2. A favourite pen. Possibly a ruler. A pencil is handy too. Coloured pens are optional, as are highlighters, stickers, stencils or washi tape.
What you won’t need:

How to Bullet Plan: a Practical Guide, Everything You Need to Know About Journaling with Bullet Points by Rachel Wilkerson Miller. I’ve read it so you don’t have to! (But if you would like a guide, this one comes strongly recommended.)

Dot grid My Notebook journal by Legami Milano (shown below).
Why Bullet Journal?
  • It helps you to organise your life and keep track of important things.
  • It builds executive functioning skills, like memory and planning.
  • It can be useful when trying to challenge negative thinking biases.
  • It creates focus, supports goal setting and increases goal attainment.
  • It is a place to celebrate your achievements, increase motivation and positive emotion, connect with your values and practice self-care.
  • With careful planning it can take just 10-15 minutes a day to fill in.
The Bullet Journal Method is an analogue system designed to track the past, organise the present and plan for the future.

It was originally conceived for organisation. To give an overview of how it works – and because good organisation is conducive to positive wellbeing – we will spend a bit of time in this area before delving into the wellbeing tips. It should be said that countless interpretations have evolved from this basic method. There is no ‘wrong’ way to bullet journal. The only prerequisite, for it to work long-term, is that it makes you more productive and/or brings you joy. If you are focusing on bullet journaling for wellbeing then you may prefer to skip over this section.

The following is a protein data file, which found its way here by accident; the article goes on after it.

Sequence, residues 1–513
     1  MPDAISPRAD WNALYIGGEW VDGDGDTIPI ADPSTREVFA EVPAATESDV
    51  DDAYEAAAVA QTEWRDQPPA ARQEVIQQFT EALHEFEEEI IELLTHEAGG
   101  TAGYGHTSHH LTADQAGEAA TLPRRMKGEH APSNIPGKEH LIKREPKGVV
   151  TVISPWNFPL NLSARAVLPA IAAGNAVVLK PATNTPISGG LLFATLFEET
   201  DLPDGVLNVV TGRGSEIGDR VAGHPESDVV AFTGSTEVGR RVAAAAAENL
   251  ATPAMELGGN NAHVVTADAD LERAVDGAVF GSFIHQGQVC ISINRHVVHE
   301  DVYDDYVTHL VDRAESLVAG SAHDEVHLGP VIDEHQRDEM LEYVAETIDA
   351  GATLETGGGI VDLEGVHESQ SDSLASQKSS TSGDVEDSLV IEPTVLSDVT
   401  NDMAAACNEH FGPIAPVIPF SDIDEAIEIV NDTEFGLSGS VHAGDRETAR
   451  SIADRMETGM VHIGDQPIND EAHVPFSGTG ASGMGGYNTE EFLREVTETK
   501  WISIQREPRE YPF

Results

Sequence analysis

A brief overview of the bullet journal method by its creator Ryder Carroll.
Here are the core tools:
  • Index points to where information on different topics is located.
  • Rapid logging. Events/tasks/notes/lists are logged using a system of symbols to simplify, abbreviate, categorise and organise information.
  • Logs. These are for your events and tasks (known as “spreads”).
  • Collections. These organise related types of information by category.
  • Migration. This is the practice of periodically updating lists to new lists, such as carrying over one month’s unfinished tasks to the next.
Future log:

This log helps you to forward plan and keep track of key events/tasks, such as birthdays/holidays. It is the spread that goes first, either as a list or calendar (or both), and it can be 3-monthly, 6-monthly or 12-monthly. Spread the log/calendar across as many pages as you think you’ll need.

Monthly log:
  • One-page or two-page spread (or more for 6 or 12-month spread).
  • Layout can be a list (dates/tasks/events), or a calendar plus a list.
  • Copy the relevant dates, tasks and events from your future log.
  • Write your monthly tasks list – essentially you are using this space to note down everything that you need or want to get done that month.
  • Add-ons: important events/don’t forget, mood tracker, monthly goals.
Weekly log:
  • One-page or two-page spread.
  • Schedule all upcoming activities by referring to your monthly log.
  • Make space to keep a to do list and (optional) notes section.
  • Add-ons: habit trackers, main focus, meal planner, quotes, reflections, sleep tracker, weekly goals and review, and so on.
Daily log:
  • Log entries using short, bulleted sentences and organise by category (task/event/note) using symbols. Mark priority entries with a star.
  • Migrate any outstanding or incomplete tasks over to the next day.
Your bullet journal is a to-do list and planner and diary in one.

It makes capturing and organising information really fast and it helps you to focus on the things that are worth your time. Stress can impact on productivity and poor organisation can increase stress, so it’s win-win.